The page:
Many cover "letters" are actually cover emails, sent with the résumé as an attachment. Whether a traditional letter or an email, the point of the cover document is to directly appeal to the reader about the specific job and point to the deeper details in the résumé.

Reading a Student Résumé

Read the following résumé, which provides the specific details of the student's qualifications for the job. Click on the side notes to view the different parts of each document.

Listen to "Robert Schneider's Résumé"

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Sample Résumé

Opening Robert Schneider

714 N. Crenshaw St.

Griffith, IN 46319

rschneider315@ghs12.edu

(219) 555-9242

 

EMPLOYMENT OBJECTIVE

Pool Manager, Des Plaines Methodist Campground Pool

 

Middle WORK EXPERIENCE

  • Lifeguard—Campground Pool, Summers 2016 to present: Work closely with manager and liaison, guard Olympic-sized pool, enforce pool rules, perform rescues, administer first-aid, test and correct chemistry levels, monitor locker rooms, run admissions desk, clean pool and all areas, perform routine maintenance, guide inspector through facility
  • Stocker/bagger—Rioldi's Market, Fall-Spring 2017 to present: Work closely with store manager, stock shelves, monitor inventory, clean store, answer customer queries, bag groceries, assist loading, retrieve carts

 

SKILLS AND QUALIFICATIONS

  • Physically fit, focused, rule-oriented, friendly, hard-working, punctual, organized, committed
  • Experienced with Campground Pool as patron and lifeguard

 

EDUCATION

  • High School Diploma, May 2018
  • Lifeguard Instructor Certification, Spring 2018
  • Lifeguard Certification, Spring 2016

 

AWARDS AND HONORS

  • National Honor Society, Junior and Senior Year
  • Letter for Varsity Swim Team

Closing References available upon request

Respond to the résumé.

Answer these questions about the reading. Make a copy of this Google doc or download a Word template.

  1. What sections appear in this résumé? Why do you think they appear in the order that they do?

    (Answers will vary.) The sections are "Employment Objective," "Work Experience," "Skills and Qualifications," "Education," "Awards and Honors," and "References available upon request." The sections come in the order of importance for the reader. The last section suggests a follow-up action (request references).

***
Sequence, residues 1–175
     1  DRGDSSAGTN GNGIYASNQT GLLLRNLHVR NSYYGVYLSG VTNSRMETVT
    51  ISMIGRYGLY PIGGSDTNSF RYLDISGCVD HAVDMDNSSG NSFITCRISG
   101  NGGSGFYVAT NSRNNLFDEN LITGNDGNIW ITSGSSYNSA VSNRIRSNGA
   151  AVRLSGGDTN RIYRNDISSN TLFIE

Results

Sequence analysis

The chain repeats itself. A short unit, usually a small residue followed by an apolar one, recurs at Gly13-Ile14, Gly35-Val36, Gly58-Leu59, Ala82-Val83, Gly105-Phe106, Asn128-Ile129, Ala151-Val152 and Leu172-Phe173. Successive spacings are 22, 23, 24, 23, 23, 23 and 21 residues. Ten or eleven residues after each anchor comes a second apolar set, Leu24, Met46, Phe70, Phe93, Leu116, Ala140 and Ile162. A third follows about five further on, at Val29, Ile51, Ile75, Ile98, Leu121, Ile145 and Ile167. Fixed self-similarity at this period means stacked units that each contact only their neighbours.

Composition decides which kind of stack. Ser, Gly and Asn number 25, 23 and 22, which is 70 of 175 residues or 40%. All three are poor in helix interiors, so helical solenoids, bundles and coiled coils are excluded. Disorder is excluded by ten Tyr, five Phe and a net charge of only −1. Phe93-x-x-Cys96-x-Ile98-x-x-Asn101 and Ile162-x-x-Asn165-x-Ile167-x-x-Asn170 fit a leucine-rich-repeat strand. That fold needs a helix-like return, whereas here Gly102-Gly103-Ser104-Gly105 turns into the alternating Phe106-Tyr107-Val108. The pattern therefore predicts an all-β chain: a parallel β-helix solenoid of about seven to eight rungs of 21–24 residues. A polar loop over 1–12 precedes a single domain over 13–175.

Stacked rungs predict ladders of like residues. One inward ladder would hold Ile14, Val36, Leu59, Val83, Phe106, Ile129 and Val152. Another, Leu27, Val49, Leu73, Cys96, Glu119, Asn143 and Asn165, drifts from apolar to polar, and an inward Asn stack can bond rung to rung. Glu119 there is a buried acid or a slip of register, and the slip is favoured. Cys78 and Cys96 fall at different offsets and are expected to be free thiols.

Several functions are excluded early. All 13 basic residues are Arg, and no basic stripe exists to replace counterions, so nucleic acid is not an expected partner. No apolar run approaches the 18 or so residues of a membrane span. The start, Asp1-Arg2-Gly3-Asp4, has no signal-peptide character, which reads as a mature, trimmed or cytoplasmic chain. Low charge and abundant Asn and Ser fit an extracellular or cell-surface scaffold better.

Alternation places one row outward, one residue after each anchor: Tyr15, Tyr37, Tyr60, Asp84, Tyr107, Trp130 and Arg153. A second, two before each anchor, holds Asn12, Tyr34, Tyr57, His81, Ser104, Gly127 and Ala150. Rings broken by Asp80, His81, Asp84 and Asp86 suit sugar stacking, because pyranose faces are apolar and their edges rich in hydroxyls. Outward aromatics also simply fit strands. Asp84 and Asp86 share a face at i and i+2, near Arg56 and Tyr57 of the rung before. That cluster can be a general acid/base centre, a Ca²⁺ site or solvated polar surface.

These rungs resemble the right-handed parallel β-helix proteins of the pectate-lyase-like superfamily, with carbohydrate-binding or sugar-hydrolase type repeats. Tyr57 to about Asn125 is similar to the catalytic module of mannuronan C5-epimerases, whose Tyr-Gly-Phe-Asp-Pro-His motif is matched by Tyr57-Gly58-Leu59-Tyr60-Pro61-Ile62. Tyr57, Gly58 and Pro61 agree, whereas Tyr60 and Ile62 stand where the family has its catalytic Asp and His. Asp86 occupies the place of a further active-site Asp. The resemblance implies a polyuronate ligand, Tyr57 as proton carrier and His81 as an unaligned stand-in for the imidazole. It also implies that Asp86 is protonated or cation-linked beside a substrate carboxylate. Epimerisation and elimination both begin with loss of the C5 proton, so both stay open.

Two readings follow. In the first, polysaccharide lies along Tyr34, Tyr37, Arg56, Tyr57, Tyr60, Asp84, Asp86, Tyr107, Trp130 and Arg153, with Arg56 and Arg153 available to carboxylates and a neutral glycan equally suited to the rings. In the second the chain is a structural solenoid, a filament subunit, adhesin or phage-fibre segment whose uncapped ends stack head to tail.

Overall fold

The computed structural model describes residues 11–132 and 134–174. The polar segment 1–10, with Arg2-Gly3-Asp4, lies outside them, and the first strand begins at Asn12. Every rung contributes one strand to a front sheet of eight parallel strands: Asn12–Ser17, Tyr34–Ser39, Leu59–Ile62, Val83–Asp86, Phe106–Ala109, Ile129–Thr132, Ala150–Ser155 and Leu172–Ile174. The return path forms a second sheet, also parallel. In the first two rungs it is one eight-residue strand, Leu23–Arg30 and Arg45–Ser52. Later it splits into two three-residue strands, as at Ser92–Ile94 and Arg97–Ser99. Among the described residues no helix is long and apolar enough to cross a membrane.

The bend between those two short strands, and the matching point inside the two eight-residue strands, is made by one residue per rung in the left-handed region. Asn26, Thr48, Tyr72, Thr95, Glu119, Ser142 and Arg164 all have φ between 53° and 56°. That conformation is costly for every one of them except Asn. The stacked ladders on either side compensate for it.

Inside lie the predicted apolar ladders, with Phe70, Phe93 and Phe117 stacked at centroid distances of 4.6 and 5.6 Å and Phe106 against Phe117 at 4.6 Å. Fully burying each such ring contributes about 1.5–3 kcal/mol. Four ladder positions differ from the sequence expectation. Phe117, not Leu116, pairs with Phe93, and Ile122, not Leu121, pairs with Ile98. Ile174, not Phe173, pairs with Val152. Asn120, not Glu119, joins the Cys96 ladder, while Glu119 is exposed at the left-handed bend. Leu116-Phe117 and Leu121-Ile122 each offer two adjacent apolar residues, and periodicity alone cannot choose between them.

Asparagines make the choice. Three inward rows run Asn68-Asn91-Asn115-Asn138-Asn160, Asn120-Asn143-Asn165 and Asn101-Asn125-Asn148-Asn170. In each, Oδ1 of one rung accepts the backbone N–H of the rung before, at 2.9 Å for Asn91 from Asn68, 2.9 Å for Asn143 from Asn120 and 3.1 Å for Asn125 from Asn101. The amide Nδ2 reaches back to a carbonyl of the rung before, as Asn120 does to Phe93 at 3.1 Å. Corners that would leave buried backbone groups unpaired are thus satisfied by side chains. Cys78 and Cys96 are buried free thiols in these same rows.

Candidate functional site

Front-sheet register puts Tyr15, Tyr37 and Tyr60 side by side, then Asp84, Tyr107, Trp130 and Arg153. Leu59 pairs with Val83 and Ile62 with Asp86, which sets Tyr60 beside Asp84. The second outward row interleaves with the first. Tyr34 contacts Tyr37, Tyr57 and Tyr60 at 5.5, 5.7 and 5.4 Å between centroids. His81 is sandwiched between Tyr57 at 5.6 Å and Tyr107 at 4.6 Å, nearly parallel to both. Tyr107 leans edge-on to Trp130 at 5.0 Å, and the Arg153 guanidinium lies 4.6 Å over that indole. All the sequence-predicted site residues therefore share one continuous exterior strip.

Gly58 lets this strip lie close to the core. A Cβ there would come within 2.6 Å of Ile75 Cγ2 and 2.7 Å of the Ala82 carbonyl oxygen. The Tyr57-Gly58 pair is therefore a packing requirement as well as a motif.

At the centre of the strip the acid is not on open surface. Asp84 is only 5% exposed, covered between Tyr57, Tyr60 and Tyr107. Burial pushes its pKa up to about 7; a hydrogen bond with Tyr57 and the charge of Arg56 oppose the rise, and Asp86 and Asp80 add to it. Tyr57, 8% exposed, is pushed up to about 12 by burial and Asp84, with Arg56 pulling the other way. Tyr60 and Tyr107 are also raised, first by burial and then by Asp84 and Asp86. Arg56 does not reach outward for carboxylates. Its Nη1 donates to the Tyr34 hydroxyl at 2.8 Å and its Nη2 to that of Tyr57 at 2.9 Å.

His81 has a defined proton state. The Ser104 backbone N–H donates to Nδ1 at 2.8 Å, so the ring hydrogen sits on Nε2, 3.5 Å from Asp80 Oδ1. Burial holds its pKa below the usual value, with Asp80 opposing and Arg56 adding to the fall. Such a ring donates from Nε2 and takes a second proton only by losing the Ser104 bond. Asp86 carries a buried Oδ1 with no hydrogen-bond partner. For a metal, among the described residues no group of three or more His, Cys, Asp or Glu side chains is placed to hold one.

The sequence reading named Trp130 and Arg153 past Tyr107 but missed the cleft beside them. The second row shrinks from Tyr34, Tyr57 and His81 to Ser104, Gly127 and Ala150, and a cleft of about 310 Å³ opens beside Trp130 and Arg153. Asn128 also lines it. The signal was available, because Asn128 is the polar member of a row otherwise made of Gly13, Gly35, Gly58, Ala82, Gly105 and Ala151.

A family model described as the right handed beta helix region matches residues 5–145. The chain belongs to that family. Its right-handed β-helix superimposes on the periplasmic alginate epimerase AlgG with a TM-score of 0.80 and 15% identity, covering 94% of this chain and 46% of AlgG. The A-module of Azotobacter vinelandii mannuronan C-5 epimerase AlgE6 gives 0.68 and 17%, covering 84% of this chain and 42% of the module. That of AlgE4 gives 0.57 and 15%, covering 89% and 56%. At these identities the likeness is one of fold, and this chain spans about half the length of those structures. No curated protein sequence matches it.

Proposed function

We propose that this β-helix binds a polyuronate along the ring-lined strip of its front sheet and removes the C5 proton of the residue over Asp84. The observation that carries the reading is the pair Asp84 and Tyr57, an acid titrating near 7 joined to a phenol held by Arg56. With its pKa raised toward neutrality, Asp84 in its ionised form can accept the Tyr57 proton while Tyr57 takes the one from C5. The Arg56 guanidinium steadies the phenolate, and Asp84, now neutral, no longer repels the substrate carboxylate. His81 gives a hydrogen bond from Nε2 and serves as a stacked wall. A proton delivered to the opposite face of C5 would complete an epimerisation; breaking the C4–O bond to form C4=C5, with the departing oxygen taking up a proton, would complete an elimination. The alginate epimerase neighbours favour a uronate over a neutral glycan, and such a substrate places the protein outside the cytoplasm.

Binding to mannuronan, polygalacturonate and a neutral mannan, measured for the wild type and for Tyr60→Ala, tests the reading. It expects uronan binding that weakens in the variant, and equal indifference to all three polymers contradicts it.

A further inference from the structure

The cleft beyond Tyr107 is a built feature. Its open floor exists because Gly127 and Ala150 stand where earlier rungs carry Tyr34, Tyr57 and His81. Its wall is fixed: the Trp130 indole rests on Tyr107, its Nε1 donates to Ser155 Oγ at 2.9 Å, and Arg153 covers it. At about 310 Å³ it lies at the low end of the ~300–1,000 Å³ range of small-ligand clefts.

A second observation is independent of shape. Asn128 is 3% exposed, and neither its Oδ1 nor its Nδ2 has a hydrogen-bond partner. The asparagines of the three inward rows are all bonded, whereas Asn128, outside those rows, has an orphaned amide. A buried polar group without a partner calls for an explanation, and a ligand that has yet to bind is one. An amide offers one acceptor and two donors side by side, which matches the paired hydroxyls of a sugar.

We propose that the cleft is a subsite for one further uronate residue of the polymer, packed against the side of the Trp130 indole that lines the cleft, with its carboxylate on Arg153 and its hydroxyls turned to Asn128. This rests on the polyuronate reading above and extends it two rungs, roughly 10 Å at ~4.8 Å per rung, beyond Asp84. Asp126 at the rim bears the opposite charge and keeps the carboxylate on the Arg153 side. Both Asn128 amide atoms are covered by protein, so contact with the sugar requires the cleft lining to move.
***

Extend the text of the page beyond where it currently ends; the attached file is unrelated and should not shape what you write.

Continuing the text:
2. What pattern of organization does the writer use for each bulleted list? Does the writer use complete sentences? How does the writer keep elements parallel?

    (Answers will vary.) Each bulleted list uses reverse-chronological organization, putting the most recent things first and moving backward in time. The information afterward appears in fragments. The writer keeps these fragments parallel by starting with the same part of speech, for example present-tense verbs ("Work . . . guard . . . enforce . . ."

  3. What is the difference between "Work Experience" and "Skills and Qualifications"?

    (Answers will vary.) "Work Experience" focuses on jobs held and tasks completed. "Skills and Qualifications" focuses on character traits and abilities that would make the person good at the job.

  4. The writer chooses clean, simple type rather than elaborate fonts and many colors. Why are these choices helpful?

    (Answers will vary.) The cover letter and résumé are very readable and businesslike. Elaborate fonts and colors would make reading more difficult and might not translate well to other computers or look good if printed or copied in black and white. Clean, straightforward design helps the reader focus on the content.

Teaching Tip

Help students realize that the key features in the model cover letter and résumé can inspire them as they create their own job-application documents. Students can modify these formats slightly to suit their own backgrounds and the needs of a particular job.

This lesson is a part of the Writing Résumés and Cover Letters unit.

Click the title to view more information about this unit and a full list of lessons that are included.